Kevin Killeen addresses one of the most enigmatic of seventeenth century writers, Thomas Browne (1605-1682), whose voracious intellectual pursuits provide an unparalleled insight into how early modern scholarly culture understood the relations of science, politics and religion. The book centres on a reassessment of Browne's most elaborate text, Pseudodoxia Epidemica, his vast encyclopaedia of error and through this explores the multivalent nature of early-modern enquiry.

Literature and Popular Culture in Early Modern England

Literature and Popular Culture in Early Modern England

Author: Andrew Hadfield

Publisher: Routledge

ISBN: 9781351922005

Category: History

Page: 234

View: 583

1978 witnessed the publication of Peter Burke's groundbreaking study Popular Culture in Early Modern Europe. Now in its third edition this remarkable book has for thirty years set the benchmark for cultural historians with its wide ranging and imaginative exploration of early modern European popular culture. In order to celebrate this achievement, and to explore the ways in which perceptions of popular culture have changed in the intervening years a group of leading scholars are brought together in this new volume to examine Burke's thesis in relation to England. Adopting an appropriately interdisciplinary approach, the collection offers an unprecedented survey of the field of popular culture in early modern England as it currently stands, bringing together scholars at the forefront of developments in an expanding area. Taking as its starting point Burke's argument that popular culture was everyone's culture, distinguishing it from high culture, which only a restricted social group could access, it explores an intriguing variety of sources to discover whether this was in fact the case in early modern England. It further explores the meaning and significance of the term 'popular culture' when applied to the early modern period: how did people distinguish between high and low culture - could they in fact do so? Concluded by an Afterword by Peter Burke, the volume provides a vivid sense of the range and significance of early modern popular culture and the difficulties involved in defining and studying it.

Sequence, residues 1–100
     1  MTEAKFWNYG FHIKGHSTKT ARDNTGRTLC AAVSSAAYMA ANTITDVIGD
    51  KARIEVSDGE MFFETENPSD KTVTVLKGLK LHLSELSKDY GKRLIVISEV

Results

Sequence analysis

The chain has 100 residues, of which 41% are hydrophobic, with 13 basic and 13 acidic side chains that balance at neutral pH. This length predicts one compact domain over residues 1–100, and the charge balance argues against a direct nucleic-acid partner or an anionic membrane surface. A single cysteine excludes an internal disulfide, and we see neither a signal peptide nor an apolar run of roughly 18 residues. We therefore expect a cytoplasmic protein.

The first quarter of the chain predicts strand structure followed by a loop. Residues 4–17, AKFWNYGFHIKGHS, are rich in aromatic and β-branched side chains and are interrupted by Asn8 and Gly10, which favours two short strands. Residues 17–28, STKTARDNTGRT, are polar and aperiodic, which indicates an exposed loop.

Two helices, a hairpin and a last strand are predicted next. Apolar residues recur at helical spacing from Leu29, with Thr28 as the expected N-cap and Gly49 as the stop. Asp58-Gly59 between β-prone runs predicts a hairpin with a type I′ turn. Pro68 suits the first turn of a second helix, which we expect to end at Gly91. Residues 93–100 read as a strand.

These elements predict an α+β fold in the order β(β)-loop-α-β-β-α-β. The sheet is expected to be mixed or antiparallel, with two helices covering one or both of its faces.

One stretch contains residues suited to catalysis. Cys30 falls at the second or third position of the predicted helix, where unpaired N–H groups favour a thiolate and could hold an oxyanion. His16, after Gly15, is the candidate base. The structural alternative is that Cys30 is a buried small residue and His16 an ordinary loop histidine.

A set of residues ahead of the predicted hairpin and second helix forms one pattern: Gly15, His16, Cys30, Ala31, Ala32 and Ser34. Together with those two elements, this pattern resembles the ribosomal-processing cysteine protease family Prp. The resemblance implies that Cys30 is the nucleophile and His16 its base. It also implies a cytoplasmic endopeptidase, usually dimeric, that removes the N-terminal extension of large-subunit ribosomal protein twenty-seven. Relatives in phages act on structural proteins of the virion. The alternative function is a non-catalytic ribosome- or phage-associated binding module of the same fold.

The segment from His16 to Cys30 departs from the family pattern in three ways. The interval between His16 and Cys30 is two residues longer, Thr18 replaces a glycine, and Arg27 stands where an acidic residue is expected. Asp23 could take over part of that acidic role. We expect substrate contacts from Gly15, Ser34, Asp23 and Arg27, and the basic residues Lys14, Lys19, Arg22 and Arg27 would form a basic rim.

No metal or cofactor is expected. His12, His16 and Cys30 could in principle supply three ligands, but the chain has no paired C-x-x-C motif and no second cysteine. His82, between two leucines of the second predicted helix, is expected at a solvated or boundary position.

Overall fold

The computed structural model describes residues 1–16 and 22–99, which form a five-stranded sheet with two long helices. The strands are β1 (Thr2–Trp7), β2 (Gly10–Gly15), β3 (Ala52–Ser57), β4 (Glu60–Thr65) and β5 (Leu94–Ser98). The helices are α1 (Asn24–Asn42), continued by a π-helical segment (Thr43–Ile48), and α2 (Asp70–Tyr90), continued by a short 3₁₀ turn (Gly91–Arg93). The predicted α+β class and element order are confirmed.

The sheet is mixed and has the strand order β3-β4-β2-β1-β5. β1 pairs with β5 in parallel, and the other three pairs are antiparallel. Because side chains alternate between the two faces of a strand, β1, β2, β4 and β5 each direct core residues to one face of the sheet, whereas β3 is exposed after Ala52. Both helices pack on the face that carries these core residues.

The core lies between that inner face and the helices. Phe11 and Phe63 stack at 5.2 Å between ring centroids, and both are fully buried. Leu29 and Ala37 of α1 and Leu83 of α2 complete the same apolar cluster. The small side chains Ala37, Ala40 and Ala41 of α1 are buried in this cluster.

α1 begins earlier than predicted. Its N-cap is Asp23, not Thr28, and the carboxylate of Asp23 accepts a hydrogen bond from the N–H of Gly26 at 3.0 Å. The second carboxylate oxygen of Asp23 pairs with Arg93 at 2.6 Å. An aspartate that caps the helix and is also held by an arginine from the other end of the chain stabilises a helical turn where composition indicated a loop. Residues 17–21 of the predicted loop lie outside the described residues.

Biblical Women's Voices in Early Modern England

Biblical Women's Voices in Early Modern England

Author: Michele Osherow

Publisher: Routledge

ISBN: 9781351955393

Category: Literary Criticism

Page: 202

View: 849

Biblical Women's Voices in Early Modern England documents the extent to which portrayals of women writers, rulers, and leaders in the Hebrew Bible scripted the lives of women in early modern England. Attending to a broad range of writing by Protestant men and women, including John Donne, Mary Sidney, John Milton, Rachel Speght, and Aemilia Lanyer, the author investigates how the cultural requirement for feminine silence informs early modern readings of biblical women's stories, and furthermore, how these biblical characters were used to counteract cultural constraints on women's speech. Bringing to bear a commanding knowledge of Hebrew Scripture, Michele Osherow presents a series of case studies on biblical heroines, juxtaposing Old Testament stories with early modern writers and texts. The case studies include an investigation of references to Miriam in Lady Mary Sidney's psalm translations; an unpacking of comparisons between Deborah and Elizabeth I; and, importantly, a consideration of the feminization of King David through analysis of his appropriation as a model for early modern women in writings by both male and female authors. In deciphering the abundance of biblical characters, citations, and allusions in early modern texts, Osherow simultaneously demonstrates how biblical stories of powerful women challenged the Renaissance notion that women should be silent, and explores the complexities and contradictions surrounding early modern women, their speech, and their power.

Knowing Nature in Early Modern Europe

Knowing Nature in Early Modern Europe

Author: David Beck

Publisher: Routledge

ISBN: 9781317317388

Category: Literary Criticism

Page: 240

View: 451

Today we are used to clear divisions between science and the arts. But early modern thinkers had no such distinctions, with ‘knowledge’ being a truly interdisciplinary pursuit. Each chapter of this collection presents a case study from a different area of knowledge.

Scripture and Scholarship in Early Modern England

Scripture and Scholarship in Early Modern England

Author: Ariel Hessayon

Publisher: Ashgate Publishing, Ltd.

ISBN: 0754638936

Category: History

Page: 286

View: 829

This volume of essays is the first to embrace both orthodox and heterodox treatments of scripture in early modern England, and in the process to question, challenge and redefine what historians mean when they use these terms. The collection dispels the myth that a critical engagement with sacred texts was the preserve of radical figures: anti-scripturists, Quakers, Deists and freethinkers. While the work of these people was significant, it formed only part of a far broader debate incorporating figures from across the theological spectrum engaging in a shared discourse.